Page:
Friday, June 1, 2018

Review: Washington Square

Washington Square Washington Square by Henry James
My rating: 5 of 5 stars

I have only just discovered the writing of Henry James. I simply could not put this book down. There are only a handful of writers who can so successfully travel through a man or a woman's unspoken thoughts ..... thoughts of propriety, impropriety, foolish hopes, devious schemes, love and detestation. It is a book about what is never said as much as it is a book about what is said which should never be said. It describes the many little deaths we will experience as others trifle with us and as we deny ourselves moments of heroic change. It is almost miraculous to me that someone has captured the infinite inscrutability of those who live a life of the mind, rather than a life of more concrete stuffs.
I loved this book.

View all my reviews

Review: Berlin Alexanderplatz

Berlin Alexanderplatz Berlin Alexanderplatz by Alfred Döblin
My rating: 3 of 5 stars

Stylistically, not really my cup of tea. I have read so many other reviews all singing this book's praises. I don't get it. I have read in several places that this is "an important work". I don't get this either.

It is original, I'll give it that. It also has an artistic backbone which is very clever, so I liked that. Finally, it is an effective slice of history of the Weimar Republic. It does a good job revealing the underbelly of Berlin in the late 1920's.

However, I found myself yearning for a single declarative sentence. Maybe a little more punctuation, so you know who is speaking? The stream of consciousness thing doesn't work in a novel. Fine for poetry...but it gets cumbersome when there are chapters and chapters of it. As a reader, I felt I had to work too hard throughout to figure out what was going on.

View all my reviews

Review: All the Light We Cannot See

All the Light We Cannot See All the Light We Cannot See by Anthony Doerr
My rating: 5 of 5 stars

Be prepared to lose some sleep - I know I did. I just could not close the book, no matter how word-drenched I felt. The story is a little bit of everything: historical fiction, beach read, magical, honest, way more than a beach read, love story, philosophy. Doerr does a spectacular job in "keeping it real". He does not address evil and kindness straight-on. Both are ever-present. Both take their fair share from the lives in the story. Life is like this. It tore at me, though. I'll remember it for a very long time.

View all my reviews

Thursday, January 4, 2018

Review: The Heart Is a Lonely Hunter

The Heart Is a Lonely Hunter The Heart Is a Lonely Hunter by Carson McCullers
My rating: 4 of 5 stars

I don’t know what to say about this book. I felt I had to read it; the received wisdom is that it’s one of those “important” books, and I am on a mission to read older, “important” books.

Maybe I’m too plain-thinking. Maybe I failed to spend my time noting the metaphors, political rhetoric, philosophical delineations, allusions and foreshadowings. Or maybe I was simply pierced by the utter annihilation of hope which stained every page, and so I missed all the literary stuff.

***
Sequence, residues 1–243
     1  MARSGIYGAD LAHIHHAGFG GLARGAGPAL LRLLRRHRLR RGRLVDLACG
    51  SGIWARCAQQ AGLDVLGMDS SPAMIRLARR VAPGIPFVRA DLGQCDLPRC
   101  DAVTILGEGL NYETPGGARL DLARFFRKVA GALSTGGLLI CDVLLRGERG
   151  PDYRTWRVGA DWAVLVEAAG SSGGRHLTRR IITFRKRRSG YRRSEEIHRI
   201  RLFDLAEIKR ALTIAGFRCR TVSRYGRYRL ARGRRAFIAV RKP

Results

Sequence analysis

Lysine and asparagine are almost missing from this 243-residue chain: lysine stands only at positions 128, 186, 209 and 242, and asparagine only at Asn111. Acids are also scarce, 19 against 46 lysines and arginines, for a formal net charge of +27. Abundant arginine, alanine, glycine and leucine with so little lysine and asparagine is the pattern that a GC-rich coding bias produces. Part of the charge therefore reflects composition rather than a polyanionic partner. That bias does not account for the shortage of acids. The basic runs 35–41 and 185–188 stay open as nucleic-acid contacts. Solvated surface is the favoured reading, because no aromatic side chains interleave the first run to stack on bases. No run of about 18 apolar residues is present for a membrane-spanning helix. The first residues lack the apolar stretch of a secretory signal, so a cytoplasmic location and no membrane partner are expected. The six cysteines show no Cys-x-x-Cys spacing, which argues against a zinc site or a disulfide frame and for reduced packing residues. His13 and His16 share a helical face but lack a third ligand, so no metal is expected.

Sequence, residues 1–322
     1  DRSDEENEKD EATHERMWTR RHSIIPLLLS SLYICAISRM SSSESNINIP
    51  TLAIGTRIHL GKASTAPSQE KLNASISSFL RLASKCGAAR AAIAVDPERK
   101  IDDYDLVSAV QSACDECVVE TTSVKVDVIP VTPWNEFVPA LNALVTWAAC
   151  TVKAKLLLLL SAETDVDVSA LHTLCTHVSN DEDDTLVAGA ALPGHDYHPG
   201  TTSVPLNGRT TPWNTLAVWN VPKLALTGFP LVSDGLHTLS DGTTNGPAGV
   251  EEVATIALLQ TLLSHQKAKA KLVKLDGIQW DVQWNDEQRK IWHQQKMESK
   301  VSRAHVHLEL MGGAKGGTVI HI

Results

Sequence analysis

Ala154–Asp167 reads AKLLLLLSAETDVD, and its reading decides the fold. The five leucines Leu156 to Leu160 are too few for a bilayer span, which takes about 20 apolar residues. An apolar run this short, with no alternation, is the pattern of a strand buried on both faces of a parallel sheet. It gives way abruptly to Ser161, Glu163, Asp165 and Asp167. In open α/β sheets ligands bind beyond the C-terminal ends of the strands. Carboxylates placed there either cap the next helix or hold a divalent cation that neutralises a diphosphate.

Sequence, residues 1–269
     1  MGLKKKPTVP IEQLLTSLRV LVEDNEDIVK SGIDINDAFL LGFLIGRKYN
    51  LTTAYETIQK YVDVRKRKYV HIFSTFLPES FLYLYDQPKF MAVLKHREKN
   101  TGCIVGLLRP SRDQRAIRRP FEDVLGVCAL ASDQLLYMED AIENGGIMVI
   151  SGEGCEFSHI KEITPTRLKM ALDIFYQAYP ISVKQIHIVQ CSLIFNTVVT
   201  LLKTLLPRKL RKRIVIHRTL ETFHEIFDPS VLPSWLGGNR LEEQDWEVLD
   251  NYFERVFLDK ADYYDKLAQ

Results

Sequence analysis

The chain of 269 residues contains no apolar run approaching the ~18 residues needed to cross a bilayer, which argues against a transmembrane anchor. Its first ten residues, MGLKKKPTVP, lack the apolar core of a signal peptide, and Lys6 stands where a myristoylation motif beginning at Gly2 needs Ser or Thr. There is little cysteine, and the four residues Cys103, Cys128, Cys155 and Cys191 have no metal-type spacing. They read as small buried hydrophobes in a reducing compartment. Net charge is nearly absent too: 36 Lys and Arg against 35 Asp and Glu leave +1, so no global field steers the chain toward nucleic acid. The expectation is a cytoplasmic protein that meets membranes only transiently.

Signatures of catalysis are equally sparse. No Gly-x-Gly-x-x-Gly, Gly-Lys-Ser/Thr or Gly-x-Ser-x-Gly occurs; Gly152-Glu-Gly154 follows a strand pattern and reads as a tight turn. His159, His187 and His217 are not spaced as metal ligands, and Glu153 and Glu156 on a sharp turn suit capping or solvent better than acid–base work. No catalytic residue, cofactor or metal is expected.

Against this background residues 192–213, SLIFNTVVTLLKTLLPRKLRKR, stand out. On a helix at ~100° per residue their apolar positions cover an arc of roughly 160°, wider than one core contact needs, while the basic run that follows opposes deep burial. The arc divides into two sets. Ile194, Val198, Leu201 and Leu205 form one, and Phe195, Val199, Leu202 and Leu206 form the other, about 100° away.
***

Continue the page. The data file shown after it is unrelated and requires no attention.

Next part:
I want so much to praise this young author, only 22 when she wrote it! I guess I should have waited a few weeks to write this review, because right now I find that my own human inclination to say and think nice things has been temporarily garroted by the enormity of the sadness in this year-long slice of life in the deep South during the Depression.

Pain which is merely observed is, actually, journalistic. But pain shared is something different. There were times in my life when the 65 cent Septa bus fares were carefully set into piles for the week and without those neat little stacks, I could go nowhere. Do nothing. One financial misstep of a mere 65 cents had some serious consequences. I guess I was poor, but I did not know it. That’s because I had hope.

I cannot find the hope in this book. The privations of the people (of all colors) who live in these pages is immortal. Their impoverishment has an eternal pall. Is that the point our young author intended to make? If one has never, ever had a close encounter with poverty, I guess this would be an important book to read for the cultural literacy, etc.

The plot is clumsy at times, probably because the author wants to make a broader point on “the human condition” and she is contriving the events rather obviously to this end. The characters are very skillfully developed, but the dull torpor of their intractable hardships was enervating.

I don’t know if I agree that this is a “very important book”. I know that it is a very sad one.

My star ratings have to do with how much a book made me think, hence, the four stars here.

View all my reviews

Tuesday, December 19, 2017

Review: The Thirteenth Tale

The Thirteenth Tale The Thirteenth Tale by Diane Setterfield
My rating: 5 of 5 stars

Reading: I gather up many words, through eyes or ears or both, while neurons put them in neat little rows with appropriate starts and stops. Thoughts and understanding result.

Reading The Thirteenth Tale: I am clobbered by the gusts of language so uncommonly perfect that there grows in my mind an anticipatory thermogenesis so potent that it partitions my heart between real life and the life breathing through each page.

This is an eerie story of both terrible scars and wounds open still, but the author’s elegance is so immense that it feels like a privilege and a luxury to hear it told and to imagine the iniquities it reveals.

This author’s devotion to the written word – her worshipful bearings to works of great literature which she blends into every aspect of this tale - is something the faithful reader will never, ever forget.

View all my reviews

Friday, December 8, 2017

Review: The Constant Gardener

The Constant Gardener The Constant Gardener by John le Carré
My rating: 4 of 5 stars

OK, here we go. The main topics are:

* greedy, ruthless pharmaceutical company
* savage, profit-drivien big multinational corporation
* gutless, power-hungry government bureaucrats (both British and Kenyan)